Tinnitus, Vertigo, and Hearing Loss May equal Meniere’s Disease

Meniere’s Disease, named after French physician Prosper Meniere–who published his first article in 1861, is a disease of the inner ear that is characterized by episodes of vertigo, a sensation of fullness, tinnitus, and fluctuating hearing loss. Meniere’s Disease is linked to endolymphatic hydrops, or an excess of fluid in the inner ear. Diagnosis is most common in adults during in their 40’s and 50’s and appears to be slightly more prevalent in women. Usually, Meniere’s Disease only affects one ear, although can affect both.

It has been reported the Meniere’s Disease starts with one symptom and progresses, however not all symptoms need be present to obtain a diagnosis of Meniere’s. As mentioned above, there are several “typifying symptoms” which I will review individually:

Vertigo: Defined as the perception of movement, usually a spinning motion and come in “attacks”. Attacks of dizziness may come on suddenly or after a short period of tinnitus or muffled hearing. Dizziness typically lasts 20 minutes to two hours. Some attacks can last 24 hours. In some with Meniere’s disease, their vertigo is so severe, that they lose their balance and fall in episodes called “drop attacks.”

Fullness: Defined as increased pressure or congestion in the ear.

Tinnitus: Defined as the perception of a ringing, buzzing, roaring, whistling or hissing sound in your ear. Many with Meniere’s Disease describe their tinnitus as a roar.

Hearing loss: Defined as a fluctuating loss, particularly early in the course of the disease. Eventually, most will experience some degree of low frequency permanent hearing loss.

Meniere’s Disease is most often diagnosed and treated by an otolaryngologist (AKA an ear, nose, and throat doctor, or ENT). As there is no definitive test or single symptom that a doctor can use to make the diagnosis, diagnosis is based upon your medical history. In 1995, the American Academy of Otolaryngology-Head and Neck Surgery established the following criteria for diagnosis:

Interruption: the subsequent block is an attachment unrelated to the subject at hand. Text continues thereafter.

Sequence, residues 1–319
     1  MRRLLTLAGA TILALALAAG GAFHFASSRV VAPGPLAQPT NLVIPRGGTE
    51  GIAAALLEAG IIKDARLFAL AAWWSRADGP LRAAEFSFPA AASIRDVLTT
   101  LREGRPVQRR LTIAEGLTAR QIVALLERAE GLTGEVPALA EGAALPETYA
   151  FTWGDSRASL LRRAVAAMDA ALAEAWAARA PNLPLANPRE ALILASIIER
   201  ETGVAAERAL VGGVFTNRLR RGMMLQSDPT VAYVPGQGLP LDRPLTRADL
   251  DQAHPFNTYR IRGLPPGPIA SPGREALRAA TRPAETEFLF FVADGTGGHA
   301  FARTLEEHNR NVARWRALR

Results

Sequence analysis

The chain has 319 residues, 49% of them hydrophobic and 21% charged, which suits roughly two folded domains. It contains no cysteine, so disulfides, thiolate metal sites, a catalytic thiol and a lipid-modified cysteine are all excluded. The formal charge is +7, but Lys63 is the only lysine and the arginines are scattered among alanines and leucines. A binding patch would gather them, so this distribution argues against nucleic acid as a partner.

Certain Meniere’s disease
Definite Meniere’s disease, plus histopathological confirmation

Definite Meniere’s disease
Two or more definitive spontaneous episodes of vertigo 20 minutes or longer
Audiometrically documented hearing loss on at least one occasion
Tinnitus or aural fullness in the treated ear
Other causes excluded

Probable Meniere’s disease
One definitive episode of vertigo
Audiometrically documented hearing loss on at least one occasion
Tinnitus or aural fullness in the treated ear
Other causes excluded

Possible Meniere’s disease
Episodic vertigo of the Meniere’s type without documented hearing loss, or
Sensorineural hearing loss, fluctuating or fixed, with disequilibrium but without definitive episodes
Other causes excluded

  1. Medications–The most disabling symptom is most often dizziness. Prescription drugs are usually prescribed.
  2. Salt restriction– Limiting salt helps some control dizziness by reducing the amount of fluid the body retains, which may help lower fluid volume and pressure in the inner ear.
  3. Other dietary and behavioral changes–Some claim that caffeine, chocolate, and alcohol make their symptoms worse and either avoid or limit them in their diet. Not smoking also may help lessen the symptoms.
  4. Surgery–Surgery may be recommended when all other treatments have failed to relieve dizziness. One surgical option is decompression of the endolymphatic sac. Another possible surgery is to cut the vestibular nerve, although this occurs less frequently.

Due to the variable nature of the disorder, no single prognosis can be made for those suffering from Meniere’s Disease. While much is known about the symptoms and treatments associated with Meniere’s Disease; the underlying cause is not well understood. More research is necessary to obtain a better understanding of the disease process, which will likely increase treatment efficacy.

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